OK, you tell me. What do parents normally bring on an airplane when coming to visit their lovely daughter and grandchildren?
I’d say nothing but their luggage and some empty peanut wrappers.
Not my Mom!
She brought us presents–and lots of them.
If your parents were so inclined, what do you think they would bring? It’s a question I posed to friends at a 50th birthday dinner party last night.
1. Toys for the kids? Wait, they’re too old for toys.
2. Sweaters from Santa? No, it’s not Christmas yet. Plus, they’d mail the sweaters, not lug them on a plane.
3. A piece of art? Almost every inch of wall space is already filled.
They were wrong on all counts…
What did I get?
That’s right, my mother bought, folded, packed, and transported seven very bright yellow washcloths all the way from North Carolina to New York just for me!
“Are you serious mom?” I asked expecting her to laugh. But serious she was. “George and I just love these wash cloths, honey. You and the girls will too.”
Was she trying to hint that our faces were dirty or something?
“Girls!” I called out, exiting the bathroom where I’d gone to check my face in the mirror. “Come see the wash cloths that Gramma and Poppy brought you all the way from North Carolina!”
The girls stood there not knowing whether to laugh at a missed joke or gush thank yous.
“They must be imported from another country or something,” Susannah whispered to Nell.
“Yeah, like from hell,” Nell jokingly said under her breath.
“Look at what else Gramma brought you!” my mom said excitedly as she handed me the next present…a box of Christmas tree lights.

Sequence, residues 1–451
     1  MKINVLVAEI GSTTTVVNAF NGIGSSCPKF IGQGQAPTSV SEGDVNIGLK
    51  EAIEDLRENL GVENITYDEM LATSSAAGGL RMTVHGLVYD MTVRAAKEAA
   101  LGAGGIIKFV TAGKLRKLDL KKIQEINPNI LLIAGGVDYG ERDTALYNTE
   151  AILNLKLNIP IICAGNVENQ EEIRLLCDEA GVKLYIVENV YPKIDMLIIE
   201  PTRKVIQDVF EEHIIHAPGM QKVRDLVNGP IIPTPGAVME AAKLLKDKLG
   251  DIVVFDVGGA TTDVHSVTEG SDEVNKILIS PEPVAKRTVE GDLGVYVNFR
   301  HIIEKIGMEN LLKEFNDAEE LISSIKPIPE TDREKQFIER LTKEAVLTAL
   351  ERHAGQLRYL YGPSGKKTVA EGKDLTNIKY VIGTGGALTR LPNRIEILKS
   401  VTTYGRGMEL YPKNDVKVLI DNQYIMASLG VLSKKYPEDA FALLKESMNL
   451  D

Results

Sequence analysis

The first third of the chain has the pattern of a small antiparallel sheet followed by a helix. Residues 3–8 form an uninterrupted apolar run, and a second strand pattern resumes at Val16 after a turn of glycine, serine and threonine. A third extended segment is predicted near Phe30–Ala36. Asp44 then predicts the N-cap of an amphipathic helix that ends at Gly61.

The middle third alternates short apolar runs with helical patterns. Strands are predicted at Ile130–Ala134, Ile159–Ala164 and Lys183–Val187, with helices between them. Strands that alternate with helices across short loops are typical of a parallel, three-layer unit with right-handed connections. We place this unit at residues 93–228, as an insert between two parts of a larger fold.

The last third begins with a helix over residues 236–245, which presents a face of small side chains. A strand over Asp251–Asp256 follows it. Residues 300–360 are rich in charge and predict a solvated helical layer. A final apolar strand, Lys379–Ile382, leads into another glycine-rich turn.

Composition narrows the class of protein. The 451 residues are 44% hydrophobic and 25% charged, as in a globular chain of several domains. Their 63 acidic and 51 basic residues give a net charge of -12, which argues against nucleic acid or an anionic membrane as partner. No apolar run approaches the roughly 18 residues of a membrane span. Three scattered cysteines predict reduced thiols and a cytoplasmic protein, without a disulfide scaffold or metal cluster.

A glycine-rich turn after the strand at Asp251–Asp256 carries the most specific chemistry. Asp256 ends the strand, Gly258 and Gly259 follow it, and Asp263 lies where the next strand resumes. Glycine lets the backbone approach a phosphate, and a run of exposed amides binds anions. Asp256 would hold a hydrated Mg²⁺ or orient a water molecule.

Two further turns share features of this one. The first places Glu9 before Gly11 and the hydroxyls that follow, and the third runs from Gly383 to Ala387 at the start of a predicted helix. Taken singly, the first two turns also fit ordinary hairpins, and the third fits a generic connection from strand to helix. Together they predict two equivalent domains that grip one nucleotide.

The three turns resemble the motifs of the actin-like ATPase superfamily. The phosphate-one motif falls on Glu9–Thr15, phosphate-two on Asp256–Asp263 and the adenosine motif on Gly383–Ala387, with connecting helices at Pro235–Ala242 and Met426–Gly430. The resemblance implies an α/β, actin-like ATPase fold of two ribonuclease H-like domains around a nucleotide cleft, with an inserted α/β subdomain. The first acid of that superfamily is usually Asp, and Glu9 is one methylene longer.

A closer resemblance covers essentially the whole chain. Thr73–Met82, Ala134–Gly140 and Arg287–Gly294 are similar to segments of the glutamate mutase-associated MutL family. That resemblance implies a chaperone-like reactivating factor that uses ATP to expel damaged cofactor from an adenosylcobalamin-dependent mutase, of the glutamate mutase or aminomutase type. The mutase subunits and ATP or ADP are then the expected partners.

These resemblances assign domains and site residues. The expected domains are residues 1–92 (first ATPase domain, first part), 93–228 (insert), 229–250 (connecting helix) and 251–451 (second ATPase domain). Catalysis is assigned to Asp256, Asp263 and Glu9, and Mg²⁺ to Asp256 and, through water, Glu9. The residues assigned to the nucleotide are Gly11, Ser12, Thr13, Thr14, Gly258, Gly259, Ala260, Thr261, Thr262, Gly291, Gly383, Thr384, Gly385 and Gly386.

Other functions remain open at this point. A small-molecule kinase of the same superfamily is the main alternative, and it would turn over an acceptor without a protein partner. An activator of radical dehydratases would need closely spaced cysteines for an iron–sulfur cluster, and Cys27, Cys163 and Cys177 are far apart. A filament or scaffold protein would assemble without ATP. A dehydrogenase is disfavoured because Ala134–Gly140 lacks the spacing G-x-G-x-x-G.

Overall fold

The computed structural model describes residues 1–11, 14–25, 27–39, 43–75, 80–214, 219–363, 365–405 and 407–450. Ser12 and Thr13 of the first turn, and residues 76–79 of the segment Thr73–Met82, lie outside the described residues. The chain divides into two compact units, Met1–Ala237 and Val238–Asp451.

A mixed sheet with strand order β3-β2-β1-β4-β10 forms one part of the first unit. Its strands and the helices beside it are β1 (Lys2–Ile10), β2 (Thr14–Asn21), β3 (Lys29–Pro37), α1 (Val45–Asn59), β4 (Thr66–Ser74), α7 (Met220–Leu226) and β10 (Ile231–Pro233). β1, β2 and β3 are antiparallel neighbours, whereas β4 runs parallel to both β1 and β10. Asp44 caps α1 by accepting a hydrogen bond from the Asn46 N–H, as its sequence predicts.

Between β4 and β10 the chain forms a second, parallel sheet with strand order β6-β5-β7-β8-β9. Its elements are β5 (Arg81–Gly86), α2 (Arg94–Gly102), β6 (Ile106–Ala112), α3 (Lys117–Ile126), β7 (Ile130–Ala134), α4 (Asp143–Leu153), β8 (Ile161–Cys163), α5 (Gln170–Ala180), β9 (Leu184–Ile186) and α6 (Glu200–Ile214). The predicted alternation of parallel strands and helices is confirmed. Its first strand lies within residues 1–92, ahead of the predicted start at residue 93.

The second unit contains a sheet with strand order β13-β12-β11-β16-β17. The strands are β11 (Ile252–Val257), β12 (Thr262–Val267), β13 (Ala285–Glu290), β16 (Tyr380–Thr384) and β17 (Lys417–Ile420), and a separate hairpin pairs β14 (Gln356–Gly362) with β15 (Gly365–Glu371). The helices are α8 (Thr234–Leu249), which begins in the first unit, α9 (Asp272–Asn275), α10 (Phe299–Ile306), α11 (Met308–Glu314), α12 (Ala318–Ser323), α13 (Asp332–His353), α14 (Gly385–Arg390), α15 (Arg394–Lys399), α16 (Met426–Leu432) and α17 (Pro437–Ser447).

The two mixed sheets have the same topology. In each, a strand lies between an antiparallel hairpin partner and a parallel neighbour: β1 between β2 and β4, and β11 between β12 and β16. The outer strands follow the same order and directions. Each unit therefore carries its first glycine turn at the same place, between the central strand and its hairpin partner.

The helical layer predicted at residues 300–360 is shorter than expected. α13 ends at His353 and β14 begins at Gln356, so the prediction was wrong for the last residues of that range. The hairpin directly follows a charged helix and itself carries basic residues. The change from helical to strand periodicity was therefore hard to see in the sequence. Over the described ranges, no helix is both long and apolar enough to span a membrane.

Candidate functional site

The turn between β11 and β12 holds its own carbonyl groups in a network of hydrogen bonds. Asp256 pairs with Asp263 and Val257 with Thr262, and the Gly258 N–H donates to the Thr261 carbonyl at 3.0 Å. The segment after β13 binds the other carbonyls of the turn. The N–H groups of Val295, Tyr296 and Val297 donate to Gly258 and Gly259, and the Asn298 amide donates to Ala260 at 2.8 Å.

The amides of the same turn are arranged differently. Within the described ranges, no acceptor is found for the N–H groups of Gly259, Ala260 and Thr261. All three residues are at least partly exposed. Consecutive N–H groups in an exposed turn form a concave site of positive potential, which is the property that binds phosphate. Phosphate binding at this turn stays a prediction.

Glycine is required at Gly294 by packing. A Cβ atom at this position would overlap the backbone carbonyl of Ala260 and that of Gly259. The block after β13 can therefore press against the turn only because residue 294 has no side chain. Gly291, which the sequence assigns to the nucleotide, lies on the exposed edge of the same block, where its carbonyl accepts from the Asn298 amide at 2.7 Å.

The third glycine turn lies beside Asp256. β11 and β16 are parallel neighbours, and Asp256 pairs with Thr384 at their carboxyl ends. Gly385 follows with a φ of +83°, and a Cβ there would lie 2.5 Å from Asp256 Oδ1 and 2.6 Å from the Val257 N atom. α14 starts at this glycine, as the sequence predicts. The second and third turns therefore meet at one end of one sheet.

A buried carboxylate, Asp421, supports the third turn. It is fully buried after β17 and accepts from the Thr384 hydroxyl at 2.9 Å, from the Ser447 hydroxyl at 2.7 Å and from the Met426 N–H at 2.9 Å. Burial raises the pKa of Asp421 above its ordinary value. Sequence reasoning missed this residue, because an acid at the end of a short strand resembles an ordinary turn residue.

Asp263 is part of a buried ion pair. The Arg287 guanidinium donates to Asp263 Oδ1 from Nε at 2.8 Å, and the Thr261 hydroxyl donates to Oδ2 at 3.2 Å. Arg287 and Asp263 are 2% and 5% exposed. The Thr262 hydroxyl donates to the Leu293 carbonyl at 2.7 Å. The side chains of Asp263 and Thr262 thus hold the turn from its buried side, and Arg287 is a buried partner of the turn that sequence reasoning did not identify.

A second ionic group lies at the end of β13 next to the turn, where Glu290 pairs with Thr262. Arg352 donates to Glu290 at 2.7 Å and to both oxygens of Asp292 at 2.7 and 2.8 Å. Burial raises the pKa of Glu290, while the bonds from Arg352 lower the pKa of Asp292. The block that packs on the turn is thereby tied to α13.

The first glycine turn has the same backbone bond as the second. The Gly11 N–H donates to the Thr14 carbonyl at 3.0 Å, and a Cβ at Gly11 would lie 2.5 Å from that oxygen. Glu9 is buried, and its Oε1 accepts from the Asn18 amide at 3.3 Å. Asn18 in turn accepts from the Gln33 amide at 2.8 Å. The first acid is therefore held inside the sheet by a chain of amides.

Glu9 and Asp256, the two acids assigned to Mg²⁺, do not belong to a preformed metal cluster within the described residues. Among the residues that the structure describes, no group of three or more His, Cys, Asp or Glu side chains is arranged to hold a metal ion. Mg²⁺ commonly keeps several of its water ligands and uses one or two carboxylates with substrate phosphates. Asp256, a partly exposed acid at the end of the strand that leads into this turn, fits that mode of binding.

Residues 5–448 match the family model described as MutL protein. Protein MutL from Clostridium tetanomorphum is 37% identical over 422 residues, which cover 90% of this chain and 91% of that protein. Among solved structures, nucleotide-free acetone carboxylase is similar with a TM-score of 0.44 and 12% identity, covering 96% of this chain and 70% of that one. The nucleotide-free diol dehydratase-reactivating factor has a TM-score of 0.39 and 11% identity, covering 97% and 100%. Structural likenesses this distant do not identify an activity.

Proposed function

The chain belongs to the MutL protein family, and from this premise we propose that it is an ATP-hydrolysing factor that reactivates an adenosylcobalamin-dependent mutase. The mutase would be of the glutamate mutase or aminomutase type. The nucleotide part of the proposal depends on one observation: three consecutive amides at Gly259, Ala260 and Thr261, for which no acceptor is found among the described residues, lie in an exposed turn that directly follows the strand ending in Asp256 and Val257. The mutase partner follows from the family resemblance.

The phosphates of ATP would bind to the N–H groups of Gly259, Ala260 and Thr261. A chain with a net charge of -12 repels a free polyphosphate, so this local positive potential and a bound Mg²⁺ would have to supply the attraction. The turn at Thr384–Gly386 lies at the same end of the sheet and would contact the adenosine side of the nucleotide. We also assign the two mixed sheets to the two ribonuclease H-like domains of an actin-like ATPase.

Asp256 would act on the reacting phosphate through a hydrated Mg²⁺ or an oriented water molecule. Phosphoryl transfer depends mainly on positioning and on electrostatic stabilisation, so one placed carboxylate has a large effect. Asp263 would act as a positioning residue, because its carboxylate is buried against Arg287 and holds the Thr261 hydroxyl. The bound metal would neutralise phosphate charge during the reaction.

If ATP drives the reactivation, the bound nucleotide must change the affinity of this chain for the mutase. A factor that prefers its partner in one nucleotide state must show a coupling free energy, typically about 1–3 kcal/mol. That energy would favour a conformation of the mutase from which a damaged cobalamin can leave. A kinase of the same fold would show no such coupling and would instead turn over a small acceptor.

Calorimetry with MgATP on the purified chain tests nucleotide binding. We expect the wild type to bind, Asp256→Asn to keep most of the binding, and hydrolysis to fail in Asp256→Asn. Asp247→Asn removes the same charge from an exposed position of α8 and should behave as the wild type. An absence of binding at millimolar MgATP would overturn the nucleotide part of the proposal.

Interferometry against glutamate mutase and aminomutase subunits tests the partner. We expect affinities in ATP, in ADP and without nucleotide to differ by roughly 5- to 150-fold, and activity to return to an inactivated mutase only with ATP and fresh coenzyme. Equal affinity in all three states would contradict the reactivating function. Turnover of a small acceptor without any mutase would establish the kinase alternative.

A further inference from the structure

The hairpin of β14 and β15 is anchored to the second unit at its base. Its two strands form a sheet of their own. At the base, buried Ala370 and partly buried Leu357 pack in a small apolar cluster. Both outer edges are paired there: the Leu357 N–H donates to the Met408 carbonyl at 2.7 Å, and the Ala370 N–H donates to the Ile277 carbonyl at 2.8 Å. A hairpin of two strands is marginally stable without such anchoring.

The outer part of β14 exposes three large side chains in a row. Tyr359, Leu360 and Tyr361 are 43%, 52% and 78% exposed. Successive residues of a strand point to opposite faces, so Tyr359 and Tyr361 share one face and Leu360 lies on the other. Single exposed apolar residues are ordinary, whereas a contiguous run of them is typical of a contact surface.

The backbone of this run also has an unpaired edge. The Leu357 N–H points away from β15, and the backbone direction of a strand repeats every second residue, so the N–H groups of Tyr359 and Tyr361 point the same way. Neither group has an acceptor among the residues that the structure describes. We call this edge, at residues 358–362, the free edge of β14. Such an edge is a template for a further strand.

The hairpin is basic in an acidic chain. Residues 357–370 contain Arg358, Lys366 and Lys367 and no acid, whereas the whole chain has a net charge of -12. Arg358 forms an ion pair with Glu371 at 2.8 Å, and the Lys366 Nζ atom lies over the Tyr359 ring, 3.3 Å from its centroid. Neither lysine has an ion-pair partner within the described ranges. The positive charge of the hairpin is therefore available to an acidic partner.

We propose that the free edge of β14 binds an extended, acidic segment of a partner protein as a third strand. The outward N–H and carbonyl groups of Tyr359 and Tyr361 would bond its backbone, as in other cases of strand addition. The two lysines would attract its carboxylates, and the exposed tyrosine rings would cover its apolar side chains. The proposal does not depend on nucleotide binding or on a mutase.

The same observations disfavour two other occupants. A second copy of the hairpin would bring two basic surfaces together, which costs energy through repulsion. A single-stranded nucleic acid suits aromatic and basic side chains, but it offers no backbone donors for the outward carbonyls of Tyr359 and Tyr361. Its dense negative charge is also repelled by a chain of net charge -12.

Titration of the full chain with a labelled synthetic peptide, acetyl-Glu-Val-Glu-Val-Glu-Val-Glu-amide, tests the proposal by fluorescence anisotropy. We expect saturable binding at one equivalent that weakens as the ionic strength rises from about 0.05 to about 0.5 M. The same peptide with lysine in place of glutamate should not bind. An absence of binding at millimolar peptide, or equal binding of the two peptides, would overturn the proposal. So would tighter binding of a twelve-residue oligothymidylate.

“They’re the colored lights, you know,” she told me conspiratorially as if they were smuggled straight off a North Pole Christmas tree.
“I see that. Colored Christmas tree lights. It says so right there on the box. Thank you!” I said, again, wondering if she was somehow concerned that without the lights, there would be no tree at all. I admit to leaving the trees of Christmas past home alone for the past six years while we escape the holiday itself, often opting for the ski slopes, but I wouldn’t dream of not putting up a tree to begin with. I do have some holiday standards ya know.
Next out of the giant bag of luggage came this. A box of battery powered candles.
“I got them at Goodwill,” my Mom exclaimed excitedly, pleased with her bargain hunting prowess.
Then there was her extra bottle of Prilosec in case all the holiday parties got the best of me:
This one cracked me up. She’d saved one of my kindergarten art projects — a turkey! Or is that a chicken?
Just when I thought all the fun was over, she handed me a silk pouch.
“Go ahead. Open it,” she said with a sly smile.
It was filled with jewelry, including the girls’ great grandmother’s diamond and opal cocktail ring. That’s when I burst into tears. She knows how much I miss my wedding rings which were stolen by a contractor a few years after my husband passed away. Even if they were insured and even if I had new ones made to look exactly like the old ones, they would never be the same. And while I am not materialistic, I felt a hole in my heart close when I put Olga’s ring on my finger.
Almost on cue, there was a knock on the door. A delivery man handed me a box of long-stemmed red roses from my parents with a beautiful card telling me how much they love me.
I love them too.
Cover photo credit: Getty Images